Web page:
buckets of rancid butter, sacks of shriveled, rotten apples from the bishop’s orchards and a tub of sauerkraut from Judge’s cellar.  Hurriedly, barrels of fresh water are rolled up on the ship. When people discover one is empty they fill it with sea from the port – fools won’t notice. Finally, the gangway is removed, the priest scurries to spray the ship with holy water, but the Deliverance gets tugged away by a sinister looking galleon, HMS Cerberus, and the blessed drops fall onto the calm surface of the port instead of on the worm feast of the old, worn-out merchant vessel.

Some people wave from the dock in a mock goodbye. Bon voyage! and Buona fortuna! exclaim the children who launch their own boat made of tree bark and scrap wood.

The Cerberus’ guns roar in reply, or maybe just to scare the fools before a good strong wind bloats up its scarlet sails removing both ships from the port.

Even and Odd manage to find a place among the coils of rope on the prow. They see mariners and soldiers of the Cerberus smoking tobacco and pissing in the wind in an attempt to hit the bucket hanging on the side of the grim man-of-war.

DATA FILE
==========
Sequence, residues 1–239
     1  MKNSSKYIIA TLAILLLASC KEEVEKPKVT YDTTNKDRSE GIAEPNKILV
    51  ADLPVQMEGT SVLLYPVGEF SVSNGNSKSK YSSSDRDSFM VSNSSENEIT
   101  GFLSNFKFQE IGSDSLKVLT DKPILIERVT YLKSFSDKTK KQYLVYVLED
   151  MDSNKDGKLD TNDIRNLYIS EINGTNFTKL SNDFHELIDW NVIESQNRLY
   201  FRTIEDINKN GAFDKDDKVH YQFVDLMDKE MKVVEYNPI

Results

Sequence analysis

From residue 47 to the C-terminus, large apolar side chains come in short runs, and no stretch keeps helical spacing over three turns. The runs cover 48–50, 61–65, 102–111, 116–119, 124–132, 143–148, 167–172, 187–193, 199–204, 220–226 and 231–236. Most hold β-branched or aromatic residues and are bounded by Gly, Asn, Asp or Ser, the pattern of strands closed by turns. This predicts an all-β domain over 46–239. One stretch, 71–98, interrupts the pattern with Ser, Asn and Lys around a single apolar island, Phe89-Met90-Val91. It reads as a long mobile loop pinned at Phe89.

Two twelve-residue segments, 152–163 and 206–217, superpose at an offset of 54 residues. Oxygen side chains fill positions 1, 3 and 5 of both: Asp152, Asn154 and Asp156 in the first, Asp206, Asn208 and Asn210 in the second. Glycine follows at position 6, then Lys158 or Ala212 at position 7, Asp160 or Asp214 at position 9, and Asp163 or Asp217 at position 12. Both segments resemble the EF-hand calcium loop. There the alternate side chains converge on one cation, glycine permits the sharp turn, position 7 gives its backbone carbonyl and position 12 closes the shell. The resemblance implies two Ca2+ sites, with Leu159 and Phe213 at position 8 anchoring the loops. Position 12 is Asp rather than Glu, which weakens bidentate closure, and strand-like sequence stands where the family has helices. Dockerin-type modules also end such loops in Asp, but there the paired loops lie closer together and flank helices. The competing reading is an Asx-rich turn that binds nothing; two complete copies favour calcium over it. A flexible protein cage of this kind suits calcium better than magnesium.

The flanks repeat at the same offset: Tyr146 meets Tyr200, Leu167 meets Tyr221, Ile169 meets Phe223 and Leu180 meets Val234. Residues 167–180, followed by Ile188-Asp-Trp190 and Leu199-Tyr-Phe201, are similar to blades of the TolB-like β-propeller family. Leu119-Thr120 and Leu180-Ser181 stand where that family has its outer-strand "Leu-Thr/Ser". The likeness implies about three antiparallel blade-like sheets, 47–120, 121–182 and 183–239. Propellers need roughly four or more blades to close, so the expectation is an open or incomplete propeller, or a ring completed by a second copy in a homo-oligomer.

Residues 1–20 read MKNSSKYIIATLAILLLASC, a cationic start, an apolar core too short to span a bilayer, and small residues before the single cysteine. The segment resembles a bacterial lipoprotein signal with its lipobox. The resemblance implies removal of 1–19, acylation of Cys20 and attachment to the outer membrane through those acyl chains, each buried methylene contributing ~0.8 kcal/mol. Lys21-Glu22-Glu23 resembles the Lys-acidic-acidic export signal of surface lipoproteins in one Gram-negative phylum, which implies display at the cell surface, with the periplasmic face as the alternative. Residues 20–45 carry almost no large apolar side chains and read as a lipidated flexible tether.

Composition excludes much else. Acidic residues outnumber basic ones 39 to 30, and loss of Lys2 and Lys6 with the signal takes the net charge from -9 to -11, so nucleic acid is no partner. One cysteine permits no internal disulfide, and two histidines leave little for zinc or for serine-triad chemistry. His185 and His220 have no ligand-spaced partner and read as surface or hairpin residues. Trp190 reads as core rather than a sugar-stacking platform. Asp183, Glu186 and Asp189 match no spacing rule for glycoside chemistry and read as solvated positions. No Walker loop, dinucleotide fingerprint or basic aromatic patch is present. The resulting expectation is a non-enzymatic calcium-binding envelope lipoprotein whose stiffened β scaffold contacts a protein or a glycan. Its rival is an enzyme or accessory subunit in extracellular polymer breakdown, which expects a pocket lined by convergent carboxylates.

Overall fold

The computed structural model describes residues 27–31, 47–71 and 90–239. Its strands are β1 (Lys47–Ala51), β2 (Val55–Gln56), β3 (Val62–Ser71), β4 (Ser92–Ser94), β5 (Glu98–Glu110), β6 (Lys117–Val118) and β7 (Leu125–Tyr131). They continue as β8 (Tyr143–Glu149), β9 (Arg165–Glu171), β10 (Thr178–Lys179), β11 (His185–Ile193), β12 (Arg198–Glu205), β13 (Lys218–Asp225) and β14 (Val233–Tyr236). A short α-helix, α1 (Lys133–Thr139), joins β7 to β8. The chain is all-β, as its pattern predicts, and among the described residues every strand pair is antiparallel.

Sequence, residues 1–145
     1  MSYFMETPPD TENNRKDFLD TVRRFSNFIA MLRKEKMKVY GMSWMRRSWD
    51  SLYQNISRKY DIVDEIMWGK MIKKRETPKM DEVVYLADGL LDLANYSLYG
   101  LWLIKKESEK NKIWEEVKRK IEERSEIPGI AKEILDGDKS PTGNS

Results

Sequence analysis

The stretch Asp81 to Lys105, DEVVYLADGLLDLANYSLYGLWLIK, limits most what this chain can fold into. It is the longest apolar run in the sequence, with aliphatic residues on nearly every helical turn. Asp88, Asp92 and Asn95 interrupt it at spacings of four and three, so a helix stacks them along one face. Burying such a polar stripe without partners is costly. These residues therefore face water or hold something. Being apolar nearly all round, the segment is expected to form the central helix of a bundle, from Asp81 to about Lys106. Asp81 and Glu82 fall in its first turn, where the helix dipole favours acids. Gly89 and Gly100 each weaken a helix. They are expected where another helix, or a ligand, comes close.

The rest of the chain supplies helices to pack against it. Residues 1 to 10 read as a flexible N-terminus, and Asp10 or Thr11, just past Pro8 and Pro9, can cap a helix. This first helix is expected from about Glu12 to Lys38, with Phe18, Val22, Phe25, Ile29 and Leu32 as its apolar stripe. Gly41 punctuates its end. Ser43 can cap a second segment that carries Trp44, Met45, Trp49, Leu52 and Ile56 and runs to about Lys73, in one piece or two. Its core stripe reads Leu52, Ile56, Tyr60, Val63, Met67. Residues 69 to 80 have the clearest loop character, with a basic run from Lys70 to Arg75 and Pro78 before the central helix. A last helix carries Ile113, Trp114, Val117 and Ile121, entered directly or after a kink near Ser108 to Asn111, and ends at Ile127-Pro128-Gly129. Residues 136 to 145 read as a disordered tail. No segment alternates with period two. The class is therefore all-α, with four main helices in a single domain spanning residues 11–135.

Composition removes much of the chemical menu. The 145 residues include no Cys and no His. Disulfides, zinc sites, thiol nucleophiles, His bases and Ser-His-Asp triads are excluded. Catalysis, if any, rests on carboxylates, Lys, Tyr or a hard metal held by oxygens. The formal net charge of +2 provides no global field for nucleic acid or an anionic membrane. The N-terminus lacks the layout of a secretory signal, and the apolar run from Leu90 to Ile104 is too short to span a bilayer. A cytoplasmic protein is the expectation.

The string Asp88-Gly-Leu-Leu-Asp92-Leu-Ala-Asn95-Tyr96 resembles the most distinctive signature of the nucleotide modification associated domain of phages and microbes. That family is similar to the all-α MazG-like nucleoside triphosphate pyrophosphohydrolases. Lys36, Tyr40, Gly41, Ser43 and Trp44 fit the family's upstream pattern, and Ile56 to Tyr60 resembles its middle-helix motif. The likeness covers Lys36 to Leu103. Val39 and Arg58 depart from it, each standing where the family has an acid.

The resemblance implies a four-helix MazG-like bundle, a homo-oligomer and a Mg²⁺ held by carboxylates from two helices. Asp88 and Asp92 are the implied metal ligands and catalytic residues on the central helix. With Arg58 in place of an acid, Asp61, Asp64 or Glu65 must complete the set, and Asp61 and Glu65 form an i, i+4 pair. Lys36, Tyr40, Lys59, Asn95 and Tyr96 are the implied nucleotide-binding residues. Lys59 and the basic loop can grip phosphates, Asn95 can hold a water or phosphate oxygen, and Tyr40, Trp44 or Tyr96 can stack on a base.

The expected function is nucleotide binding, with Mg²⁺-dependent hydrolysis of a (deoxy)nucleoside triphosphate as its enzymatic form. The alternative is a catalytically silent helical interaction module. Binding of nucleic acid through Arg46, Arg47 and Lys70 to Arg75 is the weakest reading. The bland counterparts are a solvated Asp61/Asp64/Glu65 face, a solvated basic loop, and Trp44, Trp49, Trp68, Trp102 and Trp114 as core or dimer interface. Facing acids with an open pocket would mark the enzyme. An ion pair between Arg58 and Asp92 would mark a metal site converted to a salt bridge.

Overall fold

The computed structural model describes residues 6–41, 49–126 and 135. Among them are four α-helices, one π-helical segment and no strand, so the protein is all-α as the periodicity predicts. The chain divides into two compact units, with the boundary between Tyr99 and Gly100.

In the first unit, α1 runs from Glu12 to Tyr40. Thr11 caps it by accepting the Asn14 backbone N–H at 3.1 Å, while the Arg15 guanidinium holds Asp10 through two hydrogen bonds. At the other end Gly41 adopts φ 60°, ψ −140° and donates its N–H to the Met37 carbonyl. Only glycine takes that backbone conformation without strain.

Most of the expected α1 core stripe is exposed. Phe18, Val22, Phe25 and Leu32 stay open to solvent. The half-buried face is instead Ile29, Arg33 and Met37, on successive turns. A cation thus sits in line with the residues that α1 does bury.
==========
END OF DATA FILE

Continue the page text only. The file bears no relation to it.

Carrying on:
Whoever wins, gets a quart of brandy and the honor to cut the towline.

The sad party on the Deliverance picks a fight over hams. None have eaten for three days. Those who are tied up are set free. Young Rasap checks the shredded sails and the dislocated helm, shakes his head in disbelief. Fair Francesca is chased on both decks by Maddick holding a rotten apple in one hand and his bulging penis in the other.

The intestines of  the Deliverance rumble and howl with dozens of sick dying in ankle deep, stale water.

The voyage has begun. The Deliverance obediently trails the galleon. Like a child being tugged on the ear by an angry mother. The sea is immense beyond any fool’s hopes.

At the noon hour the bell rings for lunch on the Cerberus.

- Why don’t we have a bell? – Even asks Odd. There is a whistle and a twang of rope when the sailors from the man-of-war cut the towline. Some of them drop their pants to show bare behinds to the fools adrift.

- Oh, my Lord! – screams the scribe Sibelius in an old woman’s voice – They are leaving us all to die!

The very next moment...          - Don’t be stupid...